But it’s catching up quickly. “We’ve seen a real explosion in manufacturers sharing how they’re ethically and sustainably focused,” Stockley adds. “There’s a real appetite to learn more, to understand more, and create a better offering for more discerning consumers.”

Not least as the most discerning consumers – those that fall into Gen Z and millennial demographics – are now largely of drinking age. And they aren’t messing around when it comes to their scrutiny of brand behaviour.

“People are quite tuned in to cases where your brand’s track record of operations does not match up to a campaign designed to highlight your ethics”

Miika Lipiäinen, co-founder of the Kyrö Distillery Company

In fact, 40% of gen Zers say they’d happily boycott a brand that fails to deliver on the promises it makes, according to research by Ipsos. Driven by the priorities of these two youngest generations, ethics has undoubtedly moved up the priority list for alcohol brands, says James Hughes, co-founder & chief brand officer at Brewgooder, a craft beer maker that supports clean water projects.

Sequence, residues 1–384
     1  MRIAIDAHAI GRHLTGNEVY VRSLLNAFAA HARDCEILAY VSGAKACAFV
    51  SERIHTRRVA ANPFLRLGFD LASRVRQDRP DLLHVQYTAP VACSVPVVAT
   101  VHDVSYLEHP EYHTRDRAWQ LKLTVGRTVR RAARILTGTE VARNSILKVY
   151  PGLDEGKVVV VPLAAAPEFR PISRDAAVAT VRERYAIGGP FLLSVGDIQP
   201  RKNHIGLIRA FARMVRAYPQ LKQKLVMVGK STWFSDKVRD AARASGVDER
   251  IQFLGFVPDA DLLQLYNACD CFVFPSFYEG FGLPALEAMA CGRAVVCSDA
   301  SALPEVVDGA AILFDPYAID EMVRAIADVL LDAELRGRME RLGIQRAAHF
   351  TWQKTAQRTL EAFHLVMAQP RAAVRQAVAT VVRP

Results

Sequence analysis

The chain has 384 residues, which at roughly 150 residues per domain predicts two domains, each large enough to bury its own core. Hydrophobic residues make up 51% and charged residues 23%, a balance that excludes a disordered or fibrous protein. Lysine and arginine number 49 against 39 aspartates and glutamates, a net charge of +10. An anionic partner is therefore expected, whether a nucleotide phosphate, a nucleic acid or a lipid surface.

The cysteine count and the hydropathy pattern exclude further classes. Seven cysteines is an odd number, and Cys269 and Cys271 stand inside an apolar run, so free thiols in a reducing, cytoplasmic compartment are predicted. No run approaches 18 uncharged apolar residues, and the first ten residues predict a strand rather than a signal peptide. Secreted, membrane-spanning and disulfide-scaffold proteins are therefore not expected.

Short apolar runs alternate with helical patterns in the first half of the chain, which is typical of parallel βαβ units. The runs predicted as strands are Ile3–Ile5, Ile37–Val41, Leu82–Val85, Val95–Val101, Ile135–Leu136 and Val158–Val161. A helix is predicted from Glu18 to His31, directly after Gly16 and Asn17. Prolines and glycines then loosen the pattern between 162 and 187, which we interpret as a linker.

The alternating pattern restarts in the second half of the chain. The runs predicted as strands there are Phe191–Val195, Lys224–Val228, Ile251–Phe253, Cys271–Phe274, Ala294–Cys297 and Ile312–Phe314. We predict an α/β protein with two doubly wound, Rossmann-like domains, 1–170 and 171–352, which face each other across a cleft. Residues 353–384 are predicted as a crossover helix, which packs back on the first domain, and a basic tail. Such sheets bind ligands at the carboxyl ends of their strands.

“To put their purchasing influence into perspective, within the beer industry specifically these two consumer groups will be responsible for the majority of global beer consumption by 2030.


“So, there’s a demographic shift that’s already happened and we will see it play out across all categories, including alcohol, over the next seven years,” Hughes believes.

Even outside these core consumer groups, the ways in which shoppers select brands from the booze category has fundamentally changed, points out Andrew Stevenson, co-founder of design agency Tangent, which is working with scotch whisky brand Eden Mill on developing one of the world’s first climate-positive distilleries. Rather than making selections based purely on price or taste, “a person’s choice can often be a strong reflection of who they are, what they like, and what they value”, he says.